Recent weeks have seen a sharp decline in the number of new companies disclosing reductions to executive salaries and board cash retainers. COVID-19 has impacted sectors in meaningfully different ways, with some companies continuing to reel from the rapid economic downturn while others have already experienced stock price recoveries. For those harder-hit organizations, we have seen companies grapple with balancing pay for performance with seeking to recognize overall company stewardship in a difficult environment.
Further, this past week, companies have taken the time to consider several potential actions in their pay programs:
To date we have seen over 480 companies reduce executive salaries and over 300 companies reduce director cash retainers since the onset of the COVID-19 pandemic, most commonly in severely affected industries (e.g., retail, REITs, travel, leisure, etc.). However, this week we have seen a decline in the number of new companies disclosing reductions. We do note that disclosure of such actions is often voluntary, so the figures being tracked may actually understate the prevalence of pandemic-related executive and director compensation reductions.
As the second fiscal quarter progresses, companies are taking time to discuss the treatment of existing annual bonus and long-term incentive cycles:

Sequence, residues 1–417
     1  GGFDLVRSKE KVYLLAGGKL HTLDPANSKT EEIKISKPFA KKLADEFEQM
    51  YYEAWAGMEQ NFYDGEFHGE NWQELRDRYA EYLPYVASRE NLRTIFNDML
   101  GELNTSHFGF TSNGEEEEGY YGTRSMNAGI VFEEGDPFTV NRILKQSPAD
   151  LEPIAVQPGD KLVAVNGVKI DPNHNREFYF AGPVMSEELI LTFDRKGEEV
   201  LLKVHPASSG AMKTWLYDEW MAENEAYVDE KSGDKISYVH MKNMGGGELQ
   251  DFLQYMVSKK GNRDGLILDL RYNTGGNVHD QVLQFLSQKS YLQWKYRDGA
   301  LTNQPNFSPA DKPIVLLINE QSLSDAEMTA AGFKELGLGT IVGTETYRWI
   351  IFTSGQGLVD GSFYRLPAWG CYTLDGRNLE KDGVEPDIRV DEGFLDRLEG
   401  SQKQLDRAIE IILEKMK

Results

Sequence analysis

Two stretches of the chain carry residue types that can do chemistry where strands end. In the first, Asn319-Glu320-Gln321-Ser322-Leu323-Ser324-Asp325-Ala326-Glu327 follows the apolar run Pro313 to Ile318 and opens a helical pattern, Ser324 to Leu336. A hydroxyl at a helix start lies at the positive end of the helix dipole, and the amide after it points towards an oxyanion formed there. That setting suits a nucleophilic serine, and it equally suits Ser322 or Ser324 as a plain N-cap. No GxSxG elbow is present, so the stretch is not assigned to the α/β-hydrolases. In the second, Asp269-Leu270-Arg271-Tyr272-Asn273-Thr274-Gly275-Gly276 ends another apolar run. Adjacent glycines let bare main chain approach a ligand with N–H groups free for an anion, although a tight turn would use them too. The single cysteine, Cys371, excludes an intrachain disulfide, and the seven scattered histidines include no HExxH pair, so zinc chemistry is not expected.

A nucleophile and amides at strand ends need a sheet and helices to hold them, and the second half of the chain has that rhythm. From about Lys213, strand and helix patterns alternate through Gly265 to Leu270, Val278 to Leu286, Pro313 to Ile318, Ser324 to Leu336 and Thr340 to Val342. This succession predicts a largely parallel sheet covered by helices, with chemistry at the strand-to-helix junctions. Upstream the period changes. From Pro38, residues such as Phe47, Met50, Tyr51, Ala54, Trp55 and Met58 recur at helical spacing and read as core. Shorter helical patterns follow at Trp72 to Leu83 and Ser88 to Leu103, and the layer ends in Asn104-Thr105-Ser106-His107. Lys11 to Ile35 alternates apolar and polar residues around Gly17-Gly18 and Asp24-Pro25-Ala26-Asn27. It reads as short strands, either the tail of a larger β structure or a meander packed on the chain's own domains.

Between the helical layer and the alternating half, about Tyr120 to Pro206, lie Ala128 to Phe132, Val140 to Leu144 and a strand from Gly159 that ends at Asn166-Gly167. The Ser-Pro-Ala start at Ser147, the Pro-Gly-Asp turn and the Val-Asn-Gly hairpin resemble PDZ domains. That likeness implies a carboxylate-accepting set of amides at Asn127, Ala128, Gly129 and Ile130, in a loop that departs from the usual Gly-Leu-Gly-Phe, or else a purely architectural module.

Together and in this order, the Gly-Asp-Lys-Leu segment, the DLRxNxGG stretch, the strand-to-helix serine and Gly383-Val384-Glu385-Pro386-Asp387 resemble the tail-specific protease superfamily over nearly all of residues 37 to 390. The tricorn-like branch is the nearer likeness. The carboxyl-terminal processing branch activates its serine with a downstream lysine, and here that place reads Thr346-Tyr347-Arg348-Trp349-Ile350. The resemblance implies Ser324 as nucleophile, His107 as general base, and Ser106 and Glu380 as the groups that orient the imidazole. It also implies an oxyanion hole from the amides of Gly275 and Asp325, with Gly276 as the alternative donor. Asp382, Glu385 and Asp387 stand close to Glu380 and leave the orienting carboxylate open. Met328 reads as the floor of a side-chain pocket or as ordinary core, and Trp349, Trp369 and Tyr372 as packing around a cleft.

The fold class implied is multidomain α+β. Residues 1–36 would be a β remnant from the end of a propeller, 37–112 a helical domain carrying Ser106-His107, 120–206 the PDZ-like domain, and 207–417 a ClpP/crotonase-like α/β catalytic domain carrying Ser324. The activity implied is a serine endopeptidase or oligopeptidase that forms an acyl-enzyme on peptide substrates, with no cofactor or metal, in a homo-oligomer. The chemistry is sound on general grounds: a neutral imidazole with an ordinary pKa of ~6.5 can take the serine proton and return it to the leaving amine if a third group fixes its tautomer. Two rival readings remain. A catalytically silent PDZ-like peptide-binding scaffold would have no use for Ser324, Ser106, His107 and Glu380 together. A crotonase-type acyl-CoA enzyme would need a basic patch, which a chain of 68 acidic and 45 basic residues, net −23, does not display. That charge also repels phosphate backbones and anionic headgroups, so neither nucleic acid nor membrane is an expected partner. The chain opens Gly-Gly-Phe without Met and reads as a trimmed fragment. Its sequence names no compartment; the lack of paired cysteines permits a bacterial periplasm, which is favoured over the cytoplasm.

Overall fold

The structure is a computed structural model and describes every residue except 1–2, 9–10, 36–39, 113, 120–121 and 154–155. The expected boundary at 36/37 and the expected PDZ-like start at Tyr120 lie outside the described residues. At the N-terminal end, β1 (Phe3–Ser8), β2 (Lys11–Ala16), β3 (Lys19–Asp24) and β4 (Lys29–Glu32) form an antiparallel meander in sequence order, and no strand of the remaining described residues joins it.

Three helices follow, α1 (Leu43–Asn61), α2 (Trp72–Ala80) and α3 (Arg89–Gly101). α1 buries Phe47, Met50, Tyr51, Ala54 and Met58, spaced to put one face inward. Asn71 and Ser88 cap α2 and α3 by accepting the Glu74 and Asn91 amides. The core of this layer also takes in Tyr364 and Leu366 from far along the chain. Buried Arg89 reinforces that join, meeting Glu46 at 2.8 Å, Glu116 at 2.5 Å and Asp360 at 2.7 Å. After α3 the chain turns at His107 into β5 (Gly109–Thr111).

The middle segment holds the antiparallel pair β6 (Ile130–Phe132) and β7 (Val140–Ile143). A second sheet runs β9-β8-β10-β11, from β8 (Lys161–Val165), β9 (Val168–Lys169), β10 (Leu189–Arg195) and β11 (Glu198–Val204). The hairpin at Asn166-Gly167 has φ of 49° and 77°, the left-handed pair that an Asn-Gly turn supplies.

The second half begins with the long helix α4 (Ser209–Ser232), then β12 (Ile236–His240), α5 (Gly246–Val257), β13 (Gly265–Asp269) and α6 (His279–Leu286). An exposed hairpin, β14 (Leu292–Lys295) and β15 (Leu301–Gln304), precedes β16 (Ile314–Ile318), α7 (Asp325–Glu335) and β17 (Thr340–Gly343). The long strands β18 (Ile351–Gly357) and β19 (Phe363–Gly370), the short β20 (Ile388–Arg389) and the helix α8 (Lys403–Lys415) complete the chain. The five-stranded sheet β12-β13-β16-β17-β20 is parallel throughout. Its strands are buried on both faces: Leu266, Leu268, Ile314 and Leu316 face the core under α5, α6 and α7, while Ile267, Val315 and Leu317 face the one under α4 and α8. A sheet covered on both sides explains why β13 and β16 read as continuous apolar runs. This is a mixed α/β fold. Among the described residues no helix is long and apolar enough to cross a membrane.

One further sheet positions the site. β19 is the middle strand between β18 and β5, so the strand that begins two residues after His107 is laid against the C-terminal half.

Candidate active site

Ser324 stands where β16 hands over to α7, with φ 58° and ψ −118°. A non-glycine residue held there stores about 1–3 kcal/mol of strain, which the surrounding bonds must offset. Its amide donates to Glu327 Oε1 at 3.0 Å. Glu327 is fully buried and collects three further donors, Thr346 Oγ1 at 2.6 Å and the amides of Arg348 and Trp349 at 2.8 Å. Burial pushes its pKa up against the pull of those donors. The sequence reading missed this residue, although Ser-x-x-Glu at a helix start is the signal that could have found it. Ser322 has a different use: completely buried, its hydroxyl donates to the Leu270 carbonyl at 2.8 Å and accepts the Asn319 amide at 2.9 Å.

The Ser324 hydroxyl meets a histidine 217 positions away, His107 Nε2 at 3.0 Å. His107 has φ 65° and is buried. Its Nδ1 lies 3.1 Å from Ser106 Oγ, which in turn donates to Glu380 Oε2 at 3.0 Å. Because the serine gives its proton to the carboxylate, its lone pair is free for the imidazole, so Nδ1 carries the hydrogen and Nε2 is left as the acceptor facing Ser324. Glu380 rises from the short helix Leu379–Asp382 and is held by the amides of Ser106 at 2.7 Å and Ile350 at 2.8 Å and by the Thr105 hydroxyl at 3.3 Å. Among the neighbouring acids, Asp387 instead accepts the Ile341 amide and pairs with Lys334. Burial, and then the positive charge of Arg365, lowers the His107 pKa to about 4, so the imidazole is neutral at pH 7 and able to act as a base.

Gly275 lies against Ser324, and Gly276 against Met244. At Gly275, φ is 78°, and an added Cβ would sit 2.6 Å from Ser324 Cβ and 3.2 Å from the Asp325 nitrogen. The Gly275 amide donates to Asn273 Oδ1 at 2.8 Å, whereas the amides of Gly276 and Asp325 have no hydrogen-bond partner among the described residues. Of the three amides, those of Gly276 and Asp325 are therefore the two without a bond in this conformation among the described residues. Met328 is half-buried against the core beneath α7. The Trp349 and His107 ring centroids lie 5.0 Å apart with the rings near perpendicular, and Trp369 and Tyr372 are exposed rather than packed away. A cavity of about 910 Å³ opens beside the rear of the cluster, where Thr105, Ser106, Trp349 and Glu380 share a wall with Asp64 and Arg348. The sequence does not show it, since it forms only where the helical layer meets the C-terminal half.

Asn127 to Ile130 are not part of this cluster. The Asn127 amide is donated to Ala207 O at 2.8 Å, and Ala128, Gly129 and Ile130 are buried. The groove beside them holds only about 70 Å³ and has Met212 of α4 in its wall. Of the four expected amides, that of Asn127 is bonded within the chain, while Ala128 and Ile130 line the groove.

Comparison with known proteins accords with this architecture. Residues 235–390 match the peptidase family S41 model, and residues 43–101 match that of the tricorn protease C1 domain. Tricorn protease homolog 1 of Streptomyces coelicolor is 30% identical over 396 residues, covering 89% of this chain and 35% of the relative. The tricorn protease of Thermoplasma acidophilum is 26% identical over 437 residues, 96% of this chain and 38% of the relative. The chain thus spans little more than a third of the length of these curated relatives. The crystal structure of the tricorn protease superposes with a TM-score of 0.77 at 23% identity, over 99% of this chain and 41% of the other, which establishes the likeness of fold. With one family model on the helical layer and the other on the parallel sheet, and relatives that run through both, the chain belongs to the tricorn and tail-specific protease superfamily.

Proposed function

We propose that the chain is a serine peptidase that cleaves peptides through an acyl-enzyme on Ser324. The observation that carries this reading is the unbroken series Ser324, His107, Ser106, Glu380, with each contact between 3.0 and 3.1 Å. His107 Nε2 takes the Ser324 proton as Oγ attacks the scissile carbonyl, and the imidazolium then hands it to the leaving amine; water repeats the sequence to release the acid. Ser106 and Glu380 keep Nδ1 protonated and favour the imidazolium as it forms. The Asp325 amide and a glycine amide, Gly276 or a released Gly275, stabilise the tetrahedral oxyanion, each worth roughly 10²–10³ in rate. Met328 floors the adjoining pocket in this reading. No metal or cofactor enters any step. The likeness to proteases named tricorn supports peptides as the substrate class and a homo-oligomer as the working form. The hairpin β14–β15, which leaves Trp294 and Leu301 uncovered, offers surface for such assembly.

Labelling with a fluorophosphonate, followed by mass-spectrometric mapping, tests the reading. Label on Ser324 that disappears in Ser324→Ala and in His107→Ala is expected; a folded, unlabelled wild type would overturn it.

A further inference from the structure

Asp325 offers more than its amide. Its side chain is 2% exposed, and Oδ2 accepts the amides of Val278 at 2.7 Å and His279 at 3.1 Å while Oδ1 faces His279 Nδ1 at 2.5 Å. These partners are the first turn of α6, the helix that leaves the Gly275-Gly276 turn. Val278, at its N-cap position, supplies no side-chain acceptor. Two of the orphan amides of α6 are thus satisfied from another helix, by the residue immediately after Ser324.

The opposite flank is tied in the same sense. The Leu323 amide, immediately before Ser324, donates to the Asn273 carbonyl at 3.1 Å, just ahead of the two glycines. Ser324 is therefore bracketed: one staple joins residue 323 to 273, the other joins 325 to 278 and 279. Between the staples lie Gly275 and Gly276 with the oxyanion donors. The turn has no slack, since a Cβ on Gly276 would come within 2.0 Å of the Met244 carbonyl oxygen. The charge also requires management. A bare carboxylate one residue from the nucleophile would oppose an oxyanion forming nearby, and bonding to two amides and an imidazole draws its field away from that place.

We continue to see executive salary reductions (now more than 400 companies) and director cash retainer cuts (more than 225 companies) most commonly in severely affected industries (e.g., retail, REITs, travel, leisure, etc.), although companies in less-affected sectors have also taken salary actions. We also have found strong linkage between companies that have reduced executive salaries and board cash retainers with companies that have announced broad-based employee actions such as furloughs, staff reductions, and broad-based salary reductions. Most of these companies have not indicated a definitive end date to the reductions, but rather intend on reevaluating salaries and retainer reductions when greater clarity and stability emerges in the financial outlook.
Further, this past week, companies have also taken the time to consider several potential actions in their pay programs in response to ongoing macroeconomic uncertainty:
– Delaying goal-setting until summer 2020 or when there is more clarity regarding financial outlook.
– Replacing PSUs with performance cash with a discount to reflect lower “currency” risk
– Replacing PSUs with RSUs, with grant values reduced to reflect lower risk of time-based equity.
– Reducing threshold payout opportunities to ensure downside protection, with some companies leaving maximum opportunities unchanged and others reducing maximum payouts to preserve the symmetry of the plan.
– Historical differences in prices used for director equity awards versus management equity grants during years of stock price volatility.
We continue to see executive salary reductions (more than 350 companies) and director cash retainer cuts (more than 175 companies) most prominently in severely affected industries (e.g., retail, REITs, travel, leisure, etc.), although companies in less-affected sectors have also taken salary actions, often to demonstrate empathy with affected communities, employees, and customers. Further, this past week, companies have taken time to contemplate and evaluate several actions in response to macroeconomic uncertainty: